Despite this history, stepping in has not been easy for Nicolaidis, who had a week to learn the entirety of Terrible Two before his first show. He's also struggled with finding his place in a group that was so definitively marked by KW's idiosyncratic, powerful drumming. Admittedly it's difficult to imagine Thank You without KW--her drums are a constant, near-relentless element in the music. In addition to her unique sound, KW was also a focal point, that rarity in the world of rock: a woman drummer. "It's been really challenging for me in approaching this," Nicolaidis says. "So many people like her drumming so much. I sort of feel like the new step-dad . . . like I have to charm the hell out of them because Mom passed away."
Thank You's new lineup knows its most taxing moment is yet to come. It's only played two out-of-town shows in its new configuration, and while it has a number of upcoming performances scheduled, including three East Coast dates with the much hyped Battles, the most looming is Whartscape. The KW-anchored band delivered a fierce performance at last year's festival, and this summer's outing will be the band's first hometown show with Nicolaidis. Baltimore fans can also expect other differences, as the three have been reworking their material.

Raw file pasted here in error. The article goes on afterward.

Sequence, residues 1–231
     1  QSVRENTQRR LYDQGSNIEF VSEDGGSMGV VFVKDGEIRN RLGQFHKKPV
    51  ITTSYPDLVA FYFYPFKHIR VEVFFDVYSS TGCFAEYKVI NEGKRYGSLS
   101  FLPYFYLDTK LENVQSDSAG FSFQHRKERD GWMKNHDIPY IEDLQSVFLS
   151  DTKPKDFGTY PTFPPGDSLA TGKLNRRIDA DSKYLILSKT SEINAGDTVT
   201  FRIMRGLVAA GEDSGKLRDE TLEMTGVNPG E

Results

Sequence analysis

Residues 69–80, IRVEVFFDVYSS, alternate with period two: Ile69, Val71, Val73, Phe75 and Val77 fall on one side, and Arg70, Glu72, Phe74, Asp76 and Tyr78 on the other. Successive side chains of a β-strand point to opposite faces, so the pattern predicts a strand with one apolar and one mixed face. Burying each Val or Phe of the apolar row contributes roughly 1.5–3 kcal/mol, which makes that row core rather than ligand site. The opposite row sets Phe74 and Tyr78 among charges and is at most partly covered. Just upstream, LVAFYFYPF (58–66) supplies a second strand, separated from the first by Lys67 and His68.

And the band is confident in its still molting skin. "You can feel the legs of the band--the Thank You creature--getting restless enough to where it doesn't make sense to do what you have been doing," McGrath says.
"A band is a continuous thing, you can't force it to be this thing that people expect it to be or that you think people expect it to be," Bouyoucas says. "A band should be something that is always alive, breathing, and always changing." H
Terrible Two is out now on Thrill Jockey.